The Fire Industry Association (FIA) celebrated a double anniversary on Tuesday 12 April with a special honorary event held at the Houses of Parliament. The prestigious gathering of industry professionals and representatives of the media was hosted by Sir David Amess, the Conservative MP and chairman of the All-Party Parliamentary Fire Safety and Rescue Group, who opened the proceedings which were specifically designed to celebrate the FIA’s rich history over the last 100 years and also outline the findings of recent and detailed research into the causes of false fire alarms.
In his own delivery, Ian Moore (CEO of the FIA) spoke of the “planets aligning” due to the double anniversary of the FIA’s ancestor companies over the last 100 years. It’s now 100 years since the beginning of the Fire Extinguishing Trades Association (FETA), and 50 years since the British Fire Protection Systems Association (BFPSA) came into being. Moore noted that this is in line with the 350th Anniversary of the Great Fire of London, an event which he commemorated during his excellent and detailed speech.
“The FIA is growing at a fast pace,” stated Moore. “Now, we’re just short of 700 member companies. In recent times, we’ve added the FIRESA and Risk Assessment Councils and worked extremely hard on standards development. The FIA is all about raising the bar for professionalism.”
Moore explained that the FIA is presently putting together an Innovation Centre. “We’re making sure that 5% of our turnover is put towards innovation and special projects,” stated Moore. “There are many challenges ahead for the Fire and Rescue Services, and we want to make absolutely certain that technology is in a position to support any developments every step of the way.”
Research on false fire alarms
Martin Harvey, the FIA’s chairman, also spoke at the event which took place within the Terrace Pavilion at the House of Commons and was supported by the Fire Sector Federation. Harvey’s remit was to talk about the research findings of a recent study into the true cost of false alarms engendered by automatic fire detection systems.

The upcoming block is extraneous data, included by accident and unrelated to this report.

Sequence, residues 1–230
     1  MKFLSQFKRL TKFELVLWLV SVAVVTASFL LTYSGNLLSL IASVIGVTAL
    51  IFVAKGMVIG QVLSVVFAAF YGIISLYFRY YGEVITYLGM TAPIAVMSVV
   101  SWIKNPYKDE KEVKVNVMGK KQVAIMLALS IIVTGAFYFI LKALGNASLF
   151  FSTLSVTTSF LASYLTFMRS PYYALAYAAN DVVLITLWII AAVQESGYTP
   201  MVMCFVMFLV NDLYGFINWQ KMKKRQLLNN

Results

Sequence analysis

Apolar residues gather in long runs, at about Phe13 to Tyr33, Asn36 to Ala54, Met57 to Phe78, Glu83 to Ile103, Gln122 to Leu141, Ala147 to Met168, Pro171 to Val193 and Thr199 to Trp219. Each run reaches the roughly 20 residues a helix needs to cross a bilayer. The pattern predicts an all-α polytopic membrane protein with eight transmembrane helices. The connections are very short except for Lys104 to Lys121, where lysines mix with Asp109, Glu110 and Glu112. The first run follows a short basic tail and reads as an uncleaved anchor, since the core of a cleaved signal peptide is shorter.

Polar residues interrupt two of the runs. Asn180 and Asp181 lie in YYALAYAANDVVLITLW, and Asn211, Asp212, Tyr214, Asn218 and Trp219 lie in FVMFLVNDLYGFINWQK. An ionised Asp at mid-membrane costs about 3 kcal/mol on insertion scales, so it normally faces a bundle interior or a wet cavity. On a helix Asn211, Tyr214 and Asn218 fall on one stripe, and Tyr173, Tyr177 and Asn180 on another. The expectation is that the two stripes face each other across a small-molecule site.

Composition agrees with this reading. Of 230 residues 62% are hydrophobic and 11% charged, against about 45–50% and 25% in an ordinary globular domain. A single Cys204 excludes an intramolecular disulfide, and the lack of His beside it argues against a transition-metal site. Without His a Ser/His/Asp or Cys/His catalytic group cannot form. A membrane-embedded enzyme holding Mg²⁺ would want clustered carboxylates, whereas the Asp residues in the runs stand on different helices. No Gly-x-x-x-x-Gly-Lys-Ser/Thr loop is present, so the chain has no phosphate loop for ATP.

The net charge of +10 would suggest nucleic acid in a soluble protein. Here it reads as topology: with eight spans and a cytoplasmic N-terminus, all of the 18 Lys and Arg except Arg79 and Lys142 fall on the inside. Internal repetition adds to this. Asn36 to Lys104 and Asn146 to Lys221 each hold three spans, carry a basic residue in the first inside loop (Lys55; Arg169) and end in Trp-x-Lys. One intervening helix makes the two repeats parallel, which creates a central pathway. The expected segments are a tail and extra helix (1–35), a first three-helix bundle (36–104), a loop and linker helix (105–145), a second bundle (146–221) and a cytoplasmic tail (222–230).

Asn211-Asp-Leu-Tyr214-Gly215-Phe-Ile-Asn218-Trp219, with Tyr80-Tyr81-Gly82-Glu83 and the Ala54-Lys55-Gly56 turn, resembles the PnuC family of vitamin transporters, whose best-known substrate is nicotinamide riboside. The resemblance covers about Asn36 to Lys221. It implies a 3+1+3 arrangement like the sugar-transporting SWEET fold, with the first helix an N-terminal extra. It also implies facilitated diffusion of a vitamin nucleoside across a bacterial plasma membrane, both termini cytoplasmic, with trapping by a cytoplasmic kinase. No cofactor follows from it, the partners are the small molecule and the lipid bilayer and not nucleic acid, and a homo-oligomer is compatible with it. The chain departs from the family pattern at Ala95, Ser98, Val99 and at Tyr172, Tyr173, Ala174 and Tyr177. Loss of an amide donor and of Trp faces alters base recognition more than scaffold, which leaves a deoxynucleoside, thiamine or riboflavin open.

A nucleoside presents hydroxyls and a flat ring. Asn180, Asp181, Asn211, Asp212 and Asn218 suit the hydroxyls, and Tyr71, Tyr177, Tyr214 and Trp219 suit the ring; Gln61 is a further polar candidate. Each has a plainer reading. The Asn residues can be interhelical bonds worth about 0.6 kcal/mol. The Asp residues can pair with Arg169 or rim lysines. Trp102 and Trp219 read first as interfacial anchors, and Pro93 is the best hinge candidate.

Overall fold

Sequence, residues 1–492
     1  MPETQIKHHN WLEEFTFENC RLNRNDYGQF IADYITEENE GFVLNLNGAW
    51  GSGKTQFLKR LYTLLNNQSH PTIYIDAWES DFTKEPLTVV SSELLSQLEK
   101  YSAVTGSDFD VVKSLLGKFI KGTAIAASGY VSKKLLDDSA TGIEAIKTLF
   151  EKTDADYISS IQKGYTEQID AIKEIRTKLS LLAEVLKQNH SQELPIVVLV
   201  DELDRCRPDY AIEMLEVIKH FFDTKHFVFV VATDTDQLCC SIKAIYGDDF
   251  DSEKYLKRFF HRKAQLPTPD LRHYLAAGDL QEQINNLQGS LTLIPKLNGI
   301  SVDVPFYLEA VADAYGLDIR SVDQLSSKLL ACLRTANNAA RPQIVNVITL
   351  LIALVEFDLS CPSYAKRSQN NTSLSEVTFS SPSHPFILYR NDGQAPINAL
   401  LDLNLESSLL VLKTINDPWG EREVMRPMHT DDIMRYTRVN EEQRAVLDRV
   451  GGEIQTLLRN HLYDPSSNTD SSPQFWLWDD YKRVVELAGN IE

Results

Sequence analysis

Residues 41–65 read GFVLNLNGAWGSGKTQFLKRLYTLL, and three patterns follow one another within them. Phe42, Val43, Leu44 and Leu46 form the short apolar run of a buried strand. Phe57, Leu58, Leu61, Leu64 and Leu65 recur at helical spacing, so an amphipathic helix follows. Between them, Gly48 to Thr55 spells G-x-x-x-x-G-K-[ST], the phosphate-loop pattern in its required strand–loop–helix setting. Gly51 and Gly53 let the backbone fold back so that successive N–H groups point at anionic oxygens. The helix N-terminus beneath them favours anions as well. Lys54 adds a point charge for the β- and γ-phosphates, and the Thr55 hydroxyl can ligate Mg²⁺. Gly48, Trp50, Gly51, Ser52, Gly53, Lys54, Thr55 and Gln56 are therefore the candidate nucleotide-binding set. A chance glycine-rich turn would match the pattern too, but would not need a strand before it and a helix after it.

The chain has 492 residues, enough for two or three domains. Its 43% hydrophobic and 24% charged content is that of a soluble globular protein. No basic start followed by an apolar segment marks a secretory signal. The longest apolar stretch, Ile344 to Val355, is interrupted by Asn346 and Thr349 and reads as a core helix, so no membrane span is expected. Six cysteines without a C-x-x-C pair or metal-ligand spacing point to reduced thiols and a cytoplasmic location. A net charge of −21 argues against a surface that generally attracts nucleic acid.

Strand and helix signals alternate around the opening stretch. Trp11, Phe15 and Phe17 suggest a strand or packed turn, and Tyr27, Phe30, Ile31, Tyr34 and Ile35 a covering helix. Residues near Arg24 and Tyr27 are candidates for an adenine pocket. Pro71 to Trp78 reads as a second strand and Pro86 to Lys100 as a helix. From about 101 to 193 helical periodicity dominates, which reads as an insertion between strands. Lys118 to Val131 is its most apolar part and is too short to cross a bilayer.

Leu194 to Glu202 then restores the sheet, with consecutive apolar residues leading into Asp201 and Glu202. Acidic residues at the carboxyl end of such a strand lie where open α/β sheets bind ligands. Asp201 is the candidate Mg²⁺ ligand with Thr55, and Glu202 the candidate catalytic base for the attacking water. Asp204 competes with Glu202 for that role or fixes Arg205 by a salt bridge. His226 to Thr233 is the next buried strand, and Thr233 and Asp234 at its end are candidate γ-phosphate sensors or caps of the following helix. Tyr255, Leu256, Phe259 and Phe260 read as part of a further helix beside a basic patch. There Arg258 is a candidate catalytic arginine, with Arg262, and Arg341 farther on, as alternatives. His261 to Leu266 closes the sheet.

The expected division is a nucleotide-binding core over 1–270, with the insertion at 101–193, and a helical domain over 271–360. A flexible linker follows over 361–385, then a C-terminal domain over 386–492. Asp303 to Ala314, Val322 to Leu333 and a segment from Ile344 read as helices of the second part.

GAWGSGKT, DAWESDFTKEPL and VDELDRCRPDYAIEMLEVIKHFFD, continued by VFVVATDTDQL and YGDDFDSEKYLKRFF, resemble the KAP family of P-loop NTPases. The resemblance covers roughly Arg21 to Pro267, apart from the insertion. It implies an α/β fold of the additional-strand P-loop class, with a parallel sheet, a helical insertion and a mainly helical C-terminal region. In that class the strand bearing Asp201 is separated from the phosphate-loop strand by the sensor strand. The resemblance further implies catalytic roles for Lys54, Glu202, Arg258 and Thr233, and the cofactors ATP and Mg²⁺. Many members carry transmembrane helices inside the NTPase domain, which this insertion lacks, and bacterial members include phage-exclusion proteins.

Traditionally, false fire alarms have been blamed on the industry, and there was a perceived need to challenge this assumption. The study was underpinned by BAFE, the Building Research Establishment (BRE), AXA Insurance and Glasgow City Council. 120 questions were drafted and the database for the survey set up by the BRE.
Subsequent to the study, no less than 35 recommendations have been made in terms of how to cut back false alarms. The study results show that, out of 6,000 false alarms, no less than 480 were caused by Alarm Receiving Centres. Also, a great many end users don’t always know how to deal with false fire alarms.
“Dealing effectively and efficiently with false alarms could save £135 million every year,” urged Harvey. “We’re now on a mission to collect even more and better data. There’s further training and education to be conducted among the end user community. We want to set up new regional projects and progress research in this area. If anyone has any ideas that they’d like to propose for action please do contact us.”
There’s also going to be a special event on 2 September designed to raise awareness of fire alarms within host companies. At 9.00 am on that date, all fire alarms in London will be set to initiate.
Prime technical resource
Formed from the merger of the FETA and the BFPSA back in 2007, the FIA has gone from strength to strength ever since. Indeed, the organisation is firmly recognised as the prime technical resource for the fire industry, providing a safe platform for industry stakeholders to join forces in resolving key issues and producing Best Practice guidance documents for those that need them the most.
The FIA’s event at Parliament was a huge success largely due to the patronage of the Association’s attending members and associates, all of whom continue to show great support for the organisation and its work.
The Association’s aim of promoting professional standards within the fire industry is one which is upheld by the continual work and dedication of the FIA’s Board and Council members, and is recognised nationally by the industry as the benchmark for Best Practice.
Attendees at the Parliamentary Reception included James Kelly (CEO of the British Security Industry Association), Alex Carmichael (CEO of the Security Systems and Alarms Inspection Board), Richard Jenkins (CEO at the National Security Inspectorate), the FIA’s general manager Martin Duggan, BAFE’s CEO Stephen Adams and Douglas Barnett (head of customer risk management for AXA Insurance).
Also in attendance were Lance Reutimann (senior manager for industry affairs at Siemens Building Technologies), Mark Quittenton (managing director of Pro-Activ Publications) and Brian Sims, the Editor of Risk UK.